S: CUBA ~ November 2011
1: Cuba November 2011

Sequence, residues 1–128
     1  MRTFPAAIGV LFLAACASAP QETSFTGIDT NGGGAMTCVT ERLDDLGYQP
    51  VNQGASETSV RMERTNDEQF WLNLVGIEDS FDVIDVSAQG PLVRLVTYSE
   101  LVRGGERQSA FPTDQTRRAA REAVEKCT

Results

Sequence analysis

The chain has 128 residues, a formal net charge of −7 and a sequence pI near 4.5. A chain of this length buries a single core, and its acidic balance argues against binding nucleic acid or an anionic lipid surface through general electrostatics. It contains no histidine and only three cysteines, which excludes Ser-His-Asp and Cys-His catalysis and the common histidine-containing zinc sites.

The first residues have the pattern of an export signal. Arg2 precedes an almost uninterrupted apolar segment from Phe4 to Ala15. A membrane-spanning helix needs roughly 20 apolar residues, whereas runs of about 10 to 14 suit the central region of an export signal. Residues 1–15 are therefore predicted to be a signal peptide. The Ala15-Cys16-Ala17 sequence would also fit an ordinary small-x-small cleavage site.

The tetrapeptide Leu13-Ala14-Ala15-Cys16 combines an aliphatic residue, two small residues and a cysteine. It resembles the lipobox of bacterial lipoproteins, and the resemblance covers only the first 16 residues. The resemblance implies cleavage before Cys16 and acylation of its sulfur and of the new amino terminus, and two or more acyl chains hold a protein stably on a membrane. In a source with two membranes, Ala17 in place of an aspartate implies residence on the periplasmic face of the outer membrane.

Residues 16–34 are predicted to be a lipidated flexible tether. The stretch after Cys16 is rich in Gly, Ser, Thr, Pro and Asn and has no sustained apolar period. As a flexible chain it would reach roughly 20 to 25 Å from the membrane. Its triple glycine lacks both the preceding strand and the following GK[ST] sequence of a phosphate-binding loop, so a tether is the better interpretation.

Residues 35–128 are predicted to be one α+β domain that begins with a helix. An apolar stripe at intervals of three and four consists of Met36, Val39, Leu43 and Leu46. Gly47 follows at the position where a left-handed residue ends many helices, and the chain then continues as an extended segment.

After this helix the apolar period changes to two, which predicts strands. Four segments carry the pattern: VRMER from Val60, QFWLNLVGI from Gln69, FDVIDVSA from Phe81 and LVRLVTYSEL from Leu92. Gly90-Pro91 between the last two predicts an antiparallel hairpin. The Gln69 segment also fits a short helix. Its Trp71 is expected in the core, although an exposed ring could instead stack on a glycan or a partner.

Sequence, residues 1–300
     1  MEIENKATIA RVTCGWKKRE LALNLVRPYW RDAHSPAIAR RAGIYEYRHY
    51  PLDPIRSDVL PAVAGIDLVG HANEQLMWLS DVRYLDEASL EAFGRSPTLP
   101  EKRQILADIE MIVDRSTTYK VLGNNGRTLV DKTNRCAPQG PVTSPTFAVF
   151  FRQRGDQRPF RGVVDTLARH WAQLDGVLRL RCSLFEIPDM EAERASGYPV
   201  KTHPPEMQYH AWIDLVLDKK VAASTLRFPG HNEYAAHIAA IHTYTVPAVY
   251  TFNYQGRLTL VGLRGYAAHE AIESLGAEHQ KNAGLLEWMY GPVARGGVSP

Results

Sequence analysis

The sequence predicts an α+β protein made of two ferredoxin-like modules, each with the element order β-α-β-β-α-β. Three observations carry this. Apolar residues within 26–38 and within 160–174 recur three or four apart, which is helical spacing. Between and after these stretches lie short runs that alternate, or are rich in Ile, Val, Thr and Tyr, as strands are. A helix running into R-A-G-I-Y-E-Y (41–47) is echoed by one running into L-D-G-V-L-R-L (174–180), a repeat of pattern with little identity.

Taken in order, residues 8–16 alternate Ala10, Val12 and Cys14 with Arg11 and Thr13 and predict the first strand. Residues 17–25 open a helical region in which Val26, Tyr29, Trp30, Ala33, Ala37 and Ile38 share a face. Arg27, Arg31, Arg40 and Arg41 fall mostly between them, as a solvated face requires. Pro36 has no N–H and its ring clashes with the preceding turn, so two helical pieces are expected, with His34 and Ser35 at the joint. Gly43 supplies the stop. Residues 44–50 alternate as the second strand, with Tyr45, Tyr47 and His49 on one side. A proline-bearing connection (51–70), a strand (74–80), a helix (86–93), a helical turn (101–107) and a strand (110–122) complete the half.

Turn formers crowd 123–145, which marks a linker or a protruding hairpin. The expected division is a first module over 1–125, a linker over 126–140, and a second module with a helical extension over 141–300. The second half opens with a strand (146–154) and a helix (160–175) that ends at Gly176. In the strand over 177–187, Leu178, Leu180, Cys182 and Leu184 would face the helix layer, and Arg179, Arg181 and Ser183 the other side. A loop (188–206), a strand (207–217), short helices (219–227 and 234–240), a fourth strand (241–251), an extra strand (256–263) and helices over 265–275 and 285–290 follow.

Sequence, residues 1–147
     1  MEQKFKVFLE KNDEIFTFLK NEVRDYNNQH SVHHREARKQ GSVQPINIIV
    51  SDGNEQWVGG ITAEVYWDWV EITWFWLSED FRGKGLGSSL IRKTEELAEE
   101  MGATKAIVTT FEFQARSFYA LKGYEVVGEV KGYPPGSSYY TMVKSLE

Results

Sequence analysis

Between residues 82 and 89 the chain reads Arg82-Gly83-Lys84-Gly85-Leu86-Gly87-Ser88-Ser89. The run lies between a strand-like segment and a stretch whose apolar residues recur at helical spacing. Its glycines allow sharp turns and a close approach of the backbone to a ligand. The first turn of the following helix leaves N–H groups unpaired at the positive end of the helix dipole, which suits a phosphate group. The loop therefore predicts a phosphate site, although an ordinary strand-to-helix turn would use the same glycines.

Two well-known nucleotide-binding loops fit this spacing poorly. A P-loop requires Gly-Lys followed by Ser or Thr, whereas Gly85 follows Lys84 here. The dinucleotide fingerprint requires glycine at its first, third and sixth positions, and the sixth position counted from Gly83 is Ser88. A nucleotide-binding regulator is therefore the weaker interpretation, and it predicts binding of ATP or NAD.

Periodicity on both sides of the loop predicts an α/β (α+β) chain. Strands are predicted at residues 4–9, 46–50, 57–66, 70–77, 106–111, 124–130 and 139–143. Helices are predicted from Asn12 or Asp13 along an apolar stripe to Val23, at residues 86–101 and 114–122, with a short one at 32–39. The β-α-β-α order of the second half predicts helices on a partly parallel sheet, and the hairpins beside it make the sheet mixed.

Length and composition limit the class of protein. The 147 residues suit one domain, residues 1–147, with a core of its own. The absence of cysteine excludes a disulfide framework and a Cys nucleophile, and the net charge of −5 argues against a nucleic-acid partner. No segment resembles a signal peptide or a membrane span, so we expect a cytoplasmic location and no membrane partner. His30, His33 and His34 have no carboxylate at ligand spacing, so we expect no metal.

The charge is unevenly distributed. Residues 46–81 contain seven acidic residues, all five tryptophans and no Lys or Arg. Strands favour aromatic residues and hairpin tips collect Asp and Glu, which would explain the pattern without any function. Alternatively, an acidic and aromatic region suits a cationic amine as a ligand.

2: For a long time, Cuba has held a special place in my imagination - not just from hearing the stories about the place where my mother, Zeida, was born, but also because of the curiosity to learn more about a country caught in a time warp. After decades of revolution and socialism, Cuba is an enigma - economically poor, but culturally rich; visibly deteriorating, but architecturally magnificent. The socialist economy, in which two official currencies circulate, is dysfunctional, yet in a country of few material possessions, Cubans are ingenious when it comes to conjuring miracles out of nothing. I know that the end of the US embargo will change things for the better in Cuba, but I wanted to see Cuba as it is today...before the ugly side of commercialism makes it just like all the other Caribbean islands on the cruise ship itineraries. So when my mother, after always saying she had no desire to return, announced that she did in fact want to go back one last time, we started making plans. My cousin Pepín, who has traveled back to Cuba numerous times in recent years, was invaluable when it came to the planning, as he has many connections. Even better, he also agreed to join us on our trip. One of the first steps was to apply for our visas. While it is not illegal for Americans to visit Cuba, it is more challenging if you want to travel directly from the US. However, the Cuban Interest Section in Washington, DC will issue visas to Cuban-born American citizens to visit family. As a descendant of my Cuban mother, and Gavin as my husband, we also qualified. After putting together Zeida’s application and documents showing maiden name and married names, to included: diplomas, marriage certificates, birth certificates, USA Naturalization Certificate, and current passport; we sent off everything plus a hefty processing fee. Zeida worried for weeks that they were not going to let her back into Cuba. Pepín kept assuring her that they wanted her money more than anything else, but the government had to ensure that she was not an anti-Castro activist or someone who left Cuba illegally. Eventually after about 4 weeks all the visas arrived and we were set to go.